Ride TZ Reccie

Last month the guys at Summits packed up and headed off to do the last of the Ride TZ Reccies. The guides rode the entire route and I was lucky enough to join them for the first 3 days of riding.

We headed off with two of the Summits guides. This is Jacob, he recently returned from a six month bike adventure throughout the whole of East Africa.

This is Ema, he runs up and down Kilimanjaro for a living and has sumitted over 80 times. He is such a motivator and makes riding fun and his smile never fails to cheer you up. While riding up a sandy hill he has even been known to break into song singing "From a Distance," which made even the most exhausted rider (ME) happy to climb on.

The summits crew will be trailing us the whole time to ensure our safety.

The views are so stunning that even the guides have to take a moment to soak it all up.

Our first night we camp at Maji Moto, a fresh water pool.

A dip in this pool will definitely be the perfect end to the first day of riding.

Our trail can best be described as mixed- use. Sometimes we will break for dik dik other times we can encounter caravans of donkeys.

Many Maasai deserve thanks in helping to determine the best route when riding through the bush.

Things in TZ change quickly and often. The need for the multiple reccie's becomes apparent as fully functional bridges and routes that existed 2 months prior are no longer.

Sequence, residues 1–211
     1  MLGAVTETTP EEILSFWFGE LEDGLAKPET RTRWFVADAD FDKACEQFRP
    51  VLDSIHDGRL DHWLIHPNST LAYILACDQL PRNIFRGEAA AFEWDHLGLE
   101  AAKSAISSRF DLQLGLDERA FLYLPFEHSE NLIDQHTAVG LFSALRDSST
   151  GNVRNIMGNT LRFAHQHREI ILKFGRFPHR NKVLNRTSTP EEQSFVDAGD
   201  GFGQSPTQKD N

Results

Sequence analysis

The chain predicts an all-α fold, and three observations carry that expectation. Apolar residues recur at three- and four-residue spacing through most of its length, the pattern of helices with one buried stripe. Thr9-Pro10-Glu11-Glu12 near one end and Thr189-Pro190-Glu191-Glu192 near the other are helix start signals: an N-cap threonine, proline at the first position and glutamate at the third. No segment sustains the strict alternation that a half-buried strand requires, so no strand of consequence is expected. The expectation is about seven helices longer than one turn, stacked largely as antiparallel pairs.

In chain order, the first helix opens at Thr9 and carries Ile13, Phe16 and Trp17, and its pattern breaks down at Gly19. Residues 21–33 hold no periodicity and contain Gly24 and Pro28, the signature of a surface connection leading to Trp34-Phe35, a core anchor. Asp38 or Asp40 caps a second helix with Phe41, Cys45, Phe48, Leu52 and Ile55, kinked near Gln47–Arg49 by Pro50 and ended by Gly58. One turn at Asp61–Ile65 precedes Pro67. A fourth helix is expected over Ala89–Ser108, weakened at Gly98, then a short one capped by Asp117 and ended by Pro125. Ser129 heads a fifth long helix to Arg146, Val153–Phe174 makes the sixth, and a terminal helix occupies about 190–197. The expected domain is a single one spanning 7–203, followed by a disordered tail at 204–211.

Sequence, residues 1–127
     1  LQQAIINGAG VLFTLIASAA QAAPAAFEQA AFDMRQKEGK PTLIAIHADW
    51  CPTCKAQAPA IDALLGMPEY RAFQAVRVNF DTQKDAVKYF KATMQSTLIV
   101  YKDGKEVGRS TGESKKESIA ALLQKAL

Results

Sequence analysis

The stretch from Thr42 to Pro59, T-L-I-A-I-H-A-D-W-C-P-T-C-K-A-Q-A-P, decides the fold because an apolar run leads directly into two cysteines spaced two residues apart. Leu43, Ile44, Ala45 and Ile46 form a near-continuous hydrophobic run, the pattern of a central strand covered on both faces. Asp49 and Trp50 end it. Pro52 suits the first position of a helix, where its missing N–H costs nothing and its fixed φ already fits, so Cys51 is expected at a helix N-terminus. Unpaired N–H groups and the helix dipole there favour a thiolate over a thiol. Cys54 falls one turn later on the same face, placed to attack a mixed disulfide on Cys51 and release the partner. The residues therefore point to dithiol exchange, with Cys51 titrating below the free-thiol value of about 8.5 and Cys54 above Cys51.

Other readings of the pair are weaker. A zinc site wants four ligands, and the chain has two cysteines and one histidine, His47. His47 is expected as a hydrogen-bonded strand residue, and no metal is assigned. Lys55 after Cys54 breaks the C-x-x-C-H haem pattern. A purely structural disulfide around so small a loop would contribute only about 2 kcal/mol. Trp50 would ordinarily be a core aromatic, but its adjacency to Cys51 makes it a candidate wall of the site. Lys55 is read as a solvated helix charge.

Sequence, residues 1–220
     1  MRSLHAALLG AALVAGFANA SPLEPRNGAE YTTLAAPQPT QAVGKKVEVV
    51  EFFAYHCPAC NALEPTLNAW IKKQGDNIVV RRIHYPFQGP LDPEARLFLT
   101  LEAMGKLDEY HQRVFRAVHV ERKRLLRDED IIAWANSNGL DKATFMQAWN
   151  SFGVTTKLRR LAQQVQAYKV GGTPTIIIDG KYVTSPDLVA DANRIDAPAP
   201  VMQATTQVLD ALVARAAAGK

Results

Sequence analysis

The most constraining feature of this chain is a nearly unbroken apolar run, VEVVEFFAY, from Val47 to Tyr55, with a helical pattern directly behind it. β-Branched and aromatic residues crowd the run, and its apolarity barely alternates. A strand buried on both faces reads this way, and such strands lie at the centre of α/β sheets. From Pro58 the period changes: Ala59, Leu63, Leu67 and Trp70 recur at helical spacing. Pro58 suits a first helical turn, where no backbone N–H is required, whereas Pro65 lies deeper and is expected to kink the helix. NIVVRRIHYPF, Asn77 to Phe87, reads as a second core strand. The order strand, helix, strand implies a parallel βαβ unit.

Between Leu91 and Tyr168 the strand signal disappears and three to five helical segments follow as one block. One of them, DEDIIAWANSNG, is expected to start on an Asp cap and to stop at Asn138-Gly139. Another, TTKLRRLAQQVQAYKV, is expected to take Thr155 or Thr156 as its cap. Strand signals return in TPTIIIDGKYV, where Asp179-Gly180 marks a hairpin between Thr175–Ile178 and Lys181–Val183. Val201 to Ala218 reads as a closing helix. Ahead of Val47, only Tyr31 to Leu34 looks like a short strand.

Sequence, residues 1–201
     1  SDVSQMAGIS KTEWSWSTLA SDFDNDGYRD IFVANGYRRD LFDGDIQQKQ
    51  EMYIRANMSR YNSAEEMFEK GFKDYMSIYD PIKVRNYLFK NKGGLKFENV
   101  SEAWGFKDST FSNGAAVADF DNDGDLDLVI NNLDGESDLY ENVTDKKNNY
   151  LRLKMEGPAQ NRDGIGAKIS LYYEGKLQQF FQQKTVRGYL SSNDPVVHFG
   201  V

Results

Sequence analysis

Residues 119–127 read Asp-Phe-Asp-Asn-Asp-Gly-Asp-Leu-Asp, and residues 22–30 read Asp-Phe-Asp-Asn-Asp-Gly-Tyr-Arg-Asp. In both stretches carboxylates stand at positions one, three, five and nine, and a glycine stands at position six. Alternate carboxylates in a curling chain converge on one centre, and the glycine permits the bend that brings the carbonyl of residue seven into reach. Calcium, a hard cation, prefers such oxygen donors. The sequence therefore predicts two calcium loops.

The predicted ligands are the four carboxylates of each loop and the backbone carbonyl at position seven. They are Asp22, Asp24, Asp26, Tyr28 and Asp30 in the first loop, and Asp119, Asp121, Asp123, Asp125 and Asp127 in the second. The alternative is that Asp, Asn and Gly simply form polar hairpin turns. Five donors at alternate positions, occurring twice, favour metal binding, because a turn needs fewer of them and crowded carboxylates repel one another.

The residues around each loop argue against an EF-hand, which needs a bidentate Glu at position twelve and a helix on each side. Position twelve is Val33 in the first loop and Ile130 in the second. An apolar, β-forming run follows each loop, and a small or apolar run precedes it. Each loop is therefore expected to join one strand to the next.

All is well though, as Ema always improvises with a smile.

Our lunch spot on day 2 takes us to Nyumba ya Mungu "House of God" lake.

Spinning tires through this sand is definitely a challenge, but luckily it wont be for too long.

The views of the lake are stunning.

You have to love the safi outfits you see in the remote villages.

Jacob attracts a crowd anywhere he goes.

With his energy you can see why everyone adores Jacob.

Hydration is key for a ride this long and hot!

Sunset on day 2 over the far side of Nyumba ya Munga.

View of the Pangani river from our camp on night 2.

Pangani River

I would love to see see hardcore mountain bikers cross this!

See those mountains in the distance. By the afternoon we reach and cross them and head down to Mkomazi national park for the night.

A Maasai man trying out the bike during a lunch break.

Late in the afternoon on the third day I parted ways with the Summits team. They continued on to Pangani. This Friday we will all meet up again and head off for Ride TZ. For the riders we have a great and challenging adventure ahead of us. If you are unable to participate in the ride stay tuned for dispatches from the field!